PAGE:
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"Welcome Home Vietnam Veterans Day"



Frankly, I admit to being a bit bemused about this.

You guys and gals have always been welcome here.

"Nuff said.

19 Comments

That's nice, and I guess I appreciate the sentiment.  But, I've been home since 1966.  Didn't you notice?
 
Talk about a day late and a dollar short...
 

Hence my bemusement.  Boomer-guilt, I guess.

 
It would have been meaningful if it had happened back then. It didn't.
 
I like your take on this, John.  I saw it on FB but didn't "share" or "like" it because it just didn't feel right.  When I see VN veterans at support the troops I usually try to hug them and/or thank them for their service, but "Welcome Home" has always seemed a bit off when I think of saying it.  I have todl various VN vets I know when the subject comes up that "I wish I'd been there to welcome you home "properly" (I'm just a tiny bit to young to have been aware of '70s society--first political memory is Election Day 1979). 

Hope it's meaningful to some people, though.  I suppose "better late than never...?"
 
What would be more meaningful would be ensuring it will not happen again.
 
Which is what they and so many of the rest of us are working so hard to ensure, Argent.
 
...but "Welcome Home" has always seemed a bit off...

Why?

"Welcome back" is what *we* say to each other...
 
Yeah, Bill.  I said that to Dad (or something similar) that day in September 1969, too.  I guess I'm making the point that you've all always been welcome here.

I'm still... bemused.
 
Far, far, too late. Never, ever, again; we will not let our comrades-in-arms return to such a lack of welcome again.
 
Hey BillT: I still say 'Welcome Home' as well as 'Welcome Back'. I don't much care for the details. I came back in 1969. Via Travis and SFO, BTW.

During GoEI I said both a lot, for those that came by the commo tent.  Differnt strokes, and all that. We'd been busting our humps for some time.

And Welcome Back!
 
Never, ever, again; we will not let our comrades-in-arms return to such a lack of welcome again.

It was the *type* of welcome we got that added "Never Again" to my vocabulary...
 
I slipped back in ['66] before they started spitting.
 
I recall a time in my youth (2nd grade or so) when my dad (LTC D) was in Nam.  His little brother (LCDR D) was in Nam.  My now brother in law (Naval rank unknown to me, E3 probably) was in Nam.  All at once.  I didn't understand at the time the lack of welcome they all received.  I tear up uncrontrollably in proper Irish fashion any time a veteran of WW2, Korea, or Nam welcomes me home and thanks me for my service.  Without their service, there would be no welcome home for me and I'm quick to tell them that.  For all those that served before, my thanks to you all.  For those that will serve after all of us, make us proud!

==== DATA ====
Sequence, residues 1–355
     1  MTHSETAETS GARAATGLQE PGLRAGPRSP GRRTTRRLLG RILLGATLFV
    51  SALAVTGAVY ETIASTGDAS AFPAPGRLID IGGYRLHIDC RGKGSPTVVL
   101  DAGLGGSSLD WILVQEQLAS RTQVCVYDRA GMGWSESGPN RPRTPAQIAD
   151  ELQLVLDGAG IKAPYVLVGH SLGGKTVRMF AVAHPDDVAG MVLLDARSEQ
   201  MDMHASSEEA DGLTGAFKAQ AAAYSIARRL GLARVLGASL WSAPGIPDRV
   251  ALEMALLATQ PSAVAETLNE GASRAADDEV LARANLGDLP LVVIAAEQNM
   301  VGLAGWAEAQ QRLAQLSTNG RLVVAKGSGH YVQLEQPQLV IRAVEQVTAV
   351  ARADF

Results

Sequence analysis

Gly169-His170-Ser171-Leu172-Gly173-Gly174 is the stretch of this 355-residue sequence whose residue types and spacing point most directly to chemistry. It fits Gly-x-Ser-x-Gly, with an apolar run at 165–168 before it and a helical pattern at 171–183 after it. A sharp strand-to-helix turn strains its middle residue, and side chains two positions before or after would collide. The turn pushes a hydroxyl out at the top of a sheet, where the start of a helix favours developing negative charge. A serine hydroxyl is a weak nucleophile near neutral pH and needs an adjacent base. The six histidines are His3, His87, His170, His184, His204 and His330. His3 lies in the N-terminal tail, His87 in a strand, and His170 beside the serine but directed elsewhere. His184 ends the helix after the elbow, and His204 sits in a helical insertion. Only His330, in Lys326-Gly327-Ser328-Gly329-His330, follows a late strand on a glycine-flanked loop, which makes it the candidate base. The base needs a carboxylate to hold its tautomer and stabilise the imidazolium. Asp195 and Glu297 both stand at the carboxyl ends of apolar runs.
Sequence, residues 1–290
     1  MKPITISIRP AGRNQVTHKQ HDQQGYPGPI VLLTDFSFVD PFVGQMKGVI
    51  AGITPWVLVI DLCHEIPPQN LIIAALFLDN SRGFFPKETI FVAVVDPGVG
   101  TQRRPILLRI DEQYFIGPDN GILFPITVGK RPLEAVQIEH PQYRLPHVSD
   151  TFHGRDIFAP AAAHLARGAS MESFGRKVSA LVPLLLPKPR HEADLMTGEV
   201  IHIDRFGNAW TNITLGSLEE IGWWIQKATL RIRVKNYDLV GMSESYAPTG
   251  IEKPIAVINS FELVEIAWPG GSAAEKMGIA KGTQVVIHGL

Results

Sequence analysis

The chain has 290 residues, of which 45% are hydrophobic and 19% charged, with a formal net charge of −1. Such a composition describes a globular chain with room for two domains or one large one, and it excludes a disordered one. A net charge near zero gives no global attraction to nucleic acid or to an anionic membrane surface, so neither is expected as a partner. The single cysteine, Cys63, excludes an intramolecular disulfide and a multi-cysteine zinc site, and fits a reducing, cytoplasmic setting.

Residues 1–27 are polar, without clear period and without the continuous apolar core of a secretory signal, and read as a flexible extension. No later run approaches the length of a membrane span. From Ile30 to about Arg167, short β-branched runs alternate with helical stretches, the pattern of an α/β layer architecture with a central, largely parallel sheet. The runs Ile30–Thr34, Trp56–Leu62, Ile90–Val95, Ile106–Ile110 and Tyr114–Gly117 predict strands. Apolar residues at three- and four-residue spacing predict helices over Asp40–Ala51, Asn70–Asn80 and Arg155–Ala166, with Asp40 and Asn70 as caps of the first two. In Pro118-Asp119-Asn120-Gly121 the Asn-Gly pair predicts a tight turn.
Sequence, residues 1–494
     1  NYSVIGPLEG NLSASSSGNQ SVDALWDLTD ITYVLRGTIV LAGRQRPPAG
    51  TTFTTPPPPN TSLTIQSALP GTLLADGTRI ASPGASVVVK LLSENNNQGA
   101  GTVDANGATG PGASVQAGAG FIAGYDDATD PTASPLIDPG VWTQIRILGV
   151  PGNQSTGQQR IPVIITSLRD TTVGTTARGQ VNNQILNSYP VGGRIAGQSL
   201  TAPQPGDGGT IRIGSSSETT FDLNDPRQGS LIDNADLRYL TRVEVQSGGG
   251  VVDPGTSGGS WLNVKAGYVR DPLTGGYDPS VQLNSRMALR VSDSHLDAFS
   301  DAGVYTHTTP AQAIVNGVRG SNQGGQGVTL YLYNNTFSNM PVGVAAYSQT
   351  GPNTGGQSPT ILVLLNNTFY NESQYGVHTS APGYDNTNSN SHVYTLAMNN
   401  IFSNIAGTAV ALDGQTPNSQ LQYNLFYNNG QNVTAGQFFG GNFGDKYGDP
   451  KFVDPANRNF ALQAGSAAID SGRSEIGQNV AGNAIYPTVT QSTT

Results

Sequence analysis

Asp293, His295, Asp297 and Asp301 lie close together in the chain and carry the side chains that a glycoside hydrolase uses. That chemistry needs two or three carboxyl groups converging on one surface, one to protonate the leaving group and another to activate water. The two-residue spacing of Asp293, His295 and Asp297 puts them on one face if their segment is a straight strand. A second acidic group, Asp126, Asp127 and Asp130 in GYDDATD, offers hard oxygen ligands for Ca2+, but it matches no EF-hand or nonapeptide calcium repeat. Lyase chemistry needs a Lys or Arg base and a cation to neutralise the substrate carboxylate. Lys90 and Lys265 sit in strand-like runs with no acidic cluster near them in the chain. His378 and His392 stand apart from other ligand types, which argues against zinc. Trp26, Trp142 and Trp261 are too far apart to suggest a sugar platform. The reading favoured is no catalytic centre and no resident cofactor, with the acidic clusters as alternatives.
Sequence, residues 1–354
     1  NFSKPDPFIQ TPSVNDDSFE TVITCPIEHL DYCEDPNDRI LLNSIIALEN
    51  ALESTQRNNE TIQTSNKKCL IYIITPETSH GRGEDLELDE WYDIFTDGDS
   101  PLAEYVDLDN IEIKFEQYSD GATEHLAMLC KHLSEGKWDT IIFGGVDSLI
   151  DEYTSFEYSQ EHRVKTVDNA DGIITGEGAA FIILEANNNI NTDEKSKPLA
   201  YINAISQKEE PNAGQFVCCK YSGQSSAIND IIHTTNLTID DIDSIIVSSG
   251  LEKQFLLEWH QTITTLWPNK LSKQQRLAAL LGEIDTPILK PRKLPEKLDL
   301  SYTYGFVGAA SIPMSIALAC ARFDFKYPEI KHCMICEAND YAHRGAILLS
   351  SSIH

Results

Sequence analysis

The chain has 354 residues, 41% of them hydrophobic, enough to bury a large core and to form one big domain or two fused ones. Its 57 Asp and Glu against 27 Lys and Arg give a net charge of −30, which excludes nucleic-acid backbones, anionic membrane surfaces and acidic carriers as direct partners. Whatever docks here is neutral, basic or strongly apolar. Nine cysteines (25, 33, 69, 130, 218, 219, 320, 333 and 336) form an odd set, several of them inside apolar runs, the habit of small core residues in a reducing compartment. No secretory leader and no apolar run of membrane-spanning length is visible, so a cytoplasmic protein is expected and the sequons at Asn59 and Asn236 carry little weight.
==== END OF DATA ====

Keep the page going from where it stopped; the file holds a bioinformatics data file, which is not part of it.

God allows evil for a greater good. What I mean is Viet Vets are so determined that what they went through will never happen to their sons and daughters. Hence the Patriot Guard etc.

They have held the line against Barking Moonbate who try to demonize veterans. They have forced the liberals to say things like .. we support the military, we oppose the war.  That of cours is total BS, however it pushed them back so that they have a harder time attacking veternas

God Bless us all .... everyone ... never again.
 
The "type" of welcome was not welcoming.
 
True. But I know of at least one individual -- a Left Coast dweller in 1970 -- who will think looooooong and hard if he ever again has the urge to spit...
 
 I can conjure a couple of those folks, myself... 
 
Same here Bill. The loonies hadn't quit spitting in 1974 around Norfolk. I was in my Dress Blues on Ship's Business in downtown NORVA when a hippie decided to try to hawk one on me. I busted his jaw, even though he missed. I didn't know it, but a cop was right behind me who was a "Nam vet from the 25th ID. He grabbed the guy before he went down and told me he'd take care of it and told me to "move along" after telling me his unit. I saluted him and went about my business.

I pitied the cop when I got a nose full of ripe hippie.